Hendrix’s music carried a depth of symbolic meaning. You are doubtless familiar with his Herculean and incendiary interpretation of the “Star Spangled Banner” from Woodstock. This alone carved his initials in the pages of history. Consider; here is a man armed only with an electric guitar who, in a brief moment of unrehearsed music, stood upon the world’s stage, looked the most powerful nation on earth in the eye and said, “You violated your covenant with God and your people!”. When I was 11 years old, I snuck into a theater to see Woodstock. I had little interest in the other performers (although I liked many of them very much). I was really only interested in Hendrix. When he finally appeared, I was overwhelmed by the power of his performance. Listening to that unbelievable music, watching his hands; nothing in the rest of the festival could compare to it. It was beyond mere loud rock music. It was something akin to a religious experience. Now, almost four decades later, the power of that experience remains undiminished; and I can’t listen to it without getting chills. And of course, the effects of that performance reverberated through history, with the timeless musical inexorability of something like Beethoven’s 9th.

And it wasn’t just music that he changed forever; he changed everything. Consider, if you will, the power of a man who changed the world with an electric guitar!

Compare this to the studio version of the “Star Spangled Banner”, in that he approached it from an almost orchestral perspective. This has all the elements of an orchestral arrangement; harmony, counterpoint, different instrumental textures, etc. Yet, it is all done on electric guitar. It goes further in that it exploits what was at the time cutting edge recording technology: and if there is one aspect of Hendrix’ genius that is obvious, it’s his use of the recording studio as a musical instrument in itself – which paved the way for almost everyone who followed him. And beyond the astonishing technical accomplishments, is the intense emotional impact of the piece

Those who were not around then cannot imagine what a shock Hendrix was. To everyone. He completely destroyed any and all ideas about what music was and what the electric guitar was capable of. He earned the undying love of the progressive minded, and the eternal ire of the close minded! What really boggles the mind is that despite the fact that he emerged “fully formed” as it were, and accomplished so much in only one album, he had, at the time of his passing, already outgrown what he’d done on “Are you Experienced”, and was headed towards more groundbreaking musical adventures. Hendrix’ guitar playing was, needless to say, almost superhuman in its expressive ability. Beyond this, the music on his studio releases is like a mythical magical land I could visit at will. Just put on the headphones, press “play”, and you were on a journey in a new world, and alternate universe where the commonplace was always a new experience, where the joy and anguish of life took on new dimensions, and where all possibilities and dreams were no longer out of reach.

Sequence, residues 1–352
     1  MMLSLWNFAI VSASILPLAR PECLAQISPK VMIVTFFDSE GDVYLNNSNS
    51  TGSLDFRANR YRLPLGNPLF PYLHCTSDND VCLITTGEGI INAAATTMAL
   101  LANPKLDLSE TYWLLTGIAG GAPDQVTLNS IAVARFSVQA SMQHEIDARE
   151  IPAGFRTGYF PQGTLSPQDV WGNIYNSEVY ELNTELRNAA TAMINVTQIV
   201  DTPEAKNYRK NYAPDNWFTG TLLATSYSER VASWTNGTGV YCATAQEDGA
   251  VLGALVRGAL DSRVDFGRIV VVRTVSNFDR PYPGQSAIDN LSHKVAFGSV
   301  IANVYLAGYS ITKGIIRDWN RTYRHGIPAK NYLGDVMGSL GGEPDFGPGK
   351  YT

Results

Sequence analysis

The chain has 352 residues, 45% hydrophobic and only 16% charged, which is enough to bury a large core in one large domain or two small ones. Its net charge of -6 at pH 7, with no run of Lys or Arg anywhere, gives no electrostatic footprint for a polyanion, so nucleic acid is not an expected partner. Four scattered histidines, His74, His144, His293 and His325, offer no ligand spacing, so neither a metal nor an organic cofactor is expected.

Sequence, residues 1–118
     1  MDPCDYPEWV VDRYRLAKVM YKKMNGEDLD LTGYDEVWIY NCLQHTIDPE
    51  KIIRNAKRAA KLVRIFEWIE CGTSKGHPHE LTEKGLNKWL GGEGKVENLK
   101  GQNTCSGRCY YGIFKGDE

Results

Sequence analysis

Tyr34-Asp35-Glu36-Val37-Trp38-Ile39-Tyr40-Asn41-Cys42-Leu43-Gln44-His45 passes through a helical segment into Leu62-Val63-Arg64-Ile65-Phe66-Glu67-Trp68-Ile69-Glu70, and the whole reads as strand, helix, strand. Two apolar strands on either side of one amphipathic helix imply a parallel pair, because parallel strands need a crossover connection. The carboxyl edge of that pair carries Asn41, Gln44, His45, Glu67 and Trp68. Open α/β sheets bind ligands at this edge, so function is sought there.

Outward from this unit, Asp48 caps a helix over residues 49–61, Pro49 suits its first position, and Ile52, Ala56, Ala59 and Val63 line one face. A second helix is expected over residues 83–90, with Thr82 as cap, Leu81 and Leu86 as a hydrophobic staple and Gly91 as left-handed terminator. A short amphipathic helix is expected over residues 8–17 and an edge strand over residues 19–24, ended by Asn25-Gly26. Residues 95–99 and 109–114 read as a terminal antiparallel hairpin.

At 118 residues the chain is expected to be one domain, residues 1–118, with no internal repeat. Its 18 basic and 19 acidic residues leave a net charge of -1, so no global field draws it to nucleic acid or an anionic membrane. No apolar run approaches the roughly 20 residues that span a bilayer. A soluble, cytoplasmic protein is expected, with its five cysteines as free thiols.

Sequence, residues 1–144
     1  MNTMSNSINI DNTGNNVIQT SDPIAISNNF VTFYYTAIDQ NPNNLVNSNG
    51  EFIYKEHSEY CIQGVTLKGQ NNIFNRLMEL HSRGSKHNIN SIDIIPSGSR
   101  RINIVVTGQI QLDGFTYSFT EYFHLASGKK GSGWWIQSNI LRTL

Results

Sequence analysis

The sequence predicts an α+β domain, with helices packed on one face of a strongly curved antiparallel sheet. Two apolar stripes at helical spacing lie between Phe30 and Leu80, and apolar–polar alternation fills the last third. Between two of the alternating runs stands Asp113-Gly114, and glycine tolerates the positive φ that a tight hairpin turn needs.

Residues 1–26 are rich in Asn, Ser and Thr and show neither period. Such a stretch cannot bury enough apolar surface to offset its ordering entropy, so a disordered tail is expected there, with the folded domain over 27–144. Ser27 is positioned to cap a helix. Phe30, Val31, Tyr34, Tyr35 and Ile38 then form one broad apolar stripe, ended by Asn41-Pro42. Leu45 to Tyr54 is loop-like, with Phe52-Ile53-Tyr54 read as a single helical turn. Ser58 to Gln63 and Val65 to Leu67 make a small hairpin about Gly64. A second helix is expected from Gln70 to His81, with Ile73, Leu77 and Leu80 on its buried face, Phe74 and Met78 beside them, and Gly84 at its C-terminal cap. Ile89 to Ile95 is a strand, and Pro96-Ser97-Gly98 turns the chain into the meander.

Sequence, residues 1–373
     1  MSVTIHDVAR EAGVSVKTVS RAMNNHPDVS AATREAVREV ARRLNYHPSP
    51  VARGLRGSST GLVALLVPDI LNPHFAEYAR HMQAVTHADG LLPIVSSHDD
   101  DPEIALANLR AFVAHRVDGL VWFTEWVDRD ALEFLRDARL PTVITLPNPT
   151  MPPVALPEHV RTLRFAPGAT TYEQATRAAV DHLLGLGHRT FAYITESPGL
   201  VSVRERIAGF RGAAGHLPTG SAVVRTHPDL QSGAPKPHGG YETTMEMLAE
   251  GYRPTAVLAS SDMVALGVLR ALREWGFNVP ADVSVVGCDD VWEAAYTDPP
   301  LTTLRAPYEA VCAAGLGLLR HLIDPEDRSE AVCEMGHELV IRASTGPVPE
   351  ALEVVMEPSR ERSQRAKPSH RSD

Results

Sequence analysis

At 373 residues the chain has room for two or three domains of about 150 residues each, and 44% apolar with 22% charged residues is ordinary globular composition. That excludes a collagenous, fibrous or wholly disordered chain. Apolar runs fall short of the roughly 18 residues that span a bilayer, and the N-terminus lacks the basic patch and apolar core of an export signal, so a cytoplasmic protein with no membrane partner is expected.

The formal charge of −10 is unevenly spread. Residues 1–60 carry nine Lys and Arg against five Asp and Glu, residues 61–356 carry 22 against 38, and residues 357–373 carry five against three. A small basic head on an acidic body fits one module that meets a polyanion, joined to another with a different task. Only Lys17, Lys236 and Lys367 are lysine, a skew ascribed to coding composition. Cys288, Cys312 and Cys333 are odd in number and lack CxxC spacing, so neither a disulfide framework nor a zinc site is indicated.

For example, on “Electric Ladyland” the epic “1983, a Merman I Should Turn to Be / Moon Turns the Tides, Gently, Gently Away” is a mythological dream scape that pushes all envelopes. In the space of 15 minutes he actually turned mankind into an aquatic creature! “Voodoo Chile” was more than a long bluesy jam. It contains everything in the blues pantheon, and is delivered with an intensity that challenges human endurance. And the lyrics were a mythology all their own.

I remember many times as a teen listening to these albums on headphones in the dark at night while my family slept. The onomatopoeic nature of Hendrix’ guitar playing and music made the subject matter of his songs insinuate themselves in my psyche in such a way that it was as if I’d lived through these experiences. Few musicians have that kind of power.

Hendrix’ reputation as a wild man was at odds with his usual polite, gentlemanly behavior. Everyone I know who knew him said he was the shyest man they’d ever met. He had a few bouts of violent behavior, but for the most part he was quiet and unassuming; despite the powerful and magnetic essence of his personality and being.

People are unaware of the generous and philanthropic nature Hendrix had. Hendrix’s friends (including those whom I spoke to) say he often went out of his way to help individuals who were down and out (and often got little thanks for his efforts). He also donated $5000.00 (back in ’68 that was a sizable amount) and did a number of charity concerts; including the Vietnam War Moratorium charity and the United Block Association of Harlem.

Some small discussion of Hendrix’ drug use is, I imagine, inevitable. Jimi wasn’t exactly careful with his health and neglected the proper maintenance of his physical body. If he ate right, exercised, maybe did yoga, stopped smoking and getting high, and took a vacation every now and again, perhaps it would have been a different story. There were also people around him who did not, and could not see him for what he really was. To them, he was a “star” to be exploited. He didn’t have anyone around him to offer the support or guidance he needed. They just wanted to take their 5 or 10% and leave him with nothing. At that time (in fact, for decades since; and centuries before) people used drugs. This is, unfortunately, an intrinsic part of human behavior. Hendrix was no saint, and seemed to get a kick out of the experiences themselves as well as a reputation for being a bad boy (which his management and publicists exploited to profitable effect). However, toward the end of his life, Hendrix was getting tired of the drugs. People told me that he wanted to quit getting high. His late period lyrics also suggested this.